All federal financial aid recipients are required to maintain satisfactory academic progress as established by federal regulations. This policy is separate and distinct from the College’s Academic Probation and Suspension Policy, and applies to all students receiving federal aid administered by
the GOCC Financial Aid Office.
Students must meet three criteria to maintain satisfactory academic progress. These criteria are monitored each semester after grades have been posted:
- Grade-Point Average:
- The student must maintain a minimum 2.0 grade point average on a semester and cumulative basis. Transfer credits from other institutions will not be considered in this review.
- Completion Percentage: Students must complete at least 67 percent of all credits attempted on a semester and cumulative basis. include registered credits and transferred credits from other institutions. include transfer credits, grades of CR, and 1.0 or higher. Incomplete credits include NC, W, 0.0 and I.
- Maximum Time Frame: The number of in which a student is expected to finish a program cannot exceed 150 percent of the published length of the program. Attempted credit hour limits apply whether or not the student has actually received financial aid for the entire time at GOCC. Students exceeding these attempted credit hour maximums will be on financial aid denial and will not be eligible for additional semesters of financial aid.
Students who fail to meet the GPA and/or completion criteria are placed on Warning for their following semester of enrollment. When on Warning, students may be eligible for grants, scholarships and loan funds. After the warning semester, the student’s progress is again monitored. If the student’s cumulative progress meets or exceeds the GPA and completion criteria, the student may be removed from Warning. Students who fail to meet cumulative progress requirements for a second semester will be on financial aid Denial.
A student on financial aid Denial is ineligible to receive federal financial aid. To regain eligibility, a student on SAP Denial must do ALL the following: 1) Meet the minimum cumulative GPA requirement of 2.0; and 2) Meet the minimum cumulative completion rate requirement of 67 percent; and 3) Make a request, in writing, for a re-evaluation of his or her SAP status.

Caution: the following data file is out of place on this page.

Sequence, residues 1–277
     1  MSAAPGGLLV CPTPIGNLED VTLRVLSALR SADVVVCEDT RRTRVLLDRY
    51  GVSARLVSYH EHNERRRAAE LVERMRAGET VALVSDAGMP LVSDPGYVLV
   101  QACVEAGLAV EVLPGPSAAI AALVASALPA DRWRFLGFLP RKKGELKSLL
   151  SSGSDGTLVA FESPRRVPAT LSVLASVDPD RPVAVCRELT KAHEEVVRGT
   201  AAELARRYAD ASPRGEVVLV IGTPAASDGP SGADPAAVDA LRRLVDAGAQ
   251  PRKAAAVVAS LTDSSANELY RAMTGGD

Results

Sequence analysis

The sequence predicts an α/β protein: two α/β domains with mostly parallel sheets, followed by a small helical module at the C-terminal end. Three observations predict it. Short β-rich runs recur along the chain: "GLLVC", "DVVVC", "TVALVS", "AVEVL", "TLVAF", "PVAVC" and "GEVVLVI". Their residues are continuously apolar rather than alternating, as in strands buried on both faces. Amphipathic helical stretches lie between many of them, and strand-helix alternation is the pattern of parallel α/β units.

A student may appeal financial aid SAP Denial, in writing, to the SAP Appeal Committee. Appeals may be granted if the student’s failure to make progress is shown by documentation to have been a result of illness or other extenuating circumstances. SAP Appeal forms are available in the GOCC Financial Aid Office.
Most federal and state financial aid is based on “need.” “Need” is calculated using the following formula: Cost of Attendance – Expected Family Contribution = Financial Need
Cost of Attendance (COA) refers to tuition, fees, living and personal expenses, books, supplies and transportation. The information submitted on the
Free Application for Federal Student Aid (FAFSA) is used to compute the student’s expected family contribution (EFC). The formula for the calculation of the EFC was developed by Congress and is used by ALL colleges and universities.
, (i.e. Pell, SEOG and student loans) will be subject to the Federal Return of Title IV Funds Policy.
This policy applies to students who completely withdraw or stop attending all of their classes. The federal government mandates that students who withdraw or do not complete all classes may only keep the financial aid they have “earned” up to the time of withdrawal. Title IV funds that have been disbursed in excess of the earned amount must be returned by the college and/or the student to the federal government. Thus the student could owe financial aid funds to the college, the government, or both.
The federal policy requires a return of Title IV aid if the student received funds from any of the federal programs and withdrew, or stopped attending, on or before completing 60% of the semester. After the 60% point, no return of funds is required. To determine the amount of aid the student has earned up to the time of withdrawal, the Financial Aid Office divides the number of calendar days the student has attended classes by the total number of calendar days in the semester (minus any scheduled breaks of 5 days or more). The resulting percentage is then multiplied by the total federal funds that were disbursed (either to the student’s account or to the student directly by check) for the semester.
(i.e. private scholarship, Glen Oaks scholarship, etc.) may be required to return a portion of the funds to the source, depending on the terms of the scholarship.
A detailed explanation of this policy is available on the Glen Oaks Financial Aid website in the Consumer Information Guide.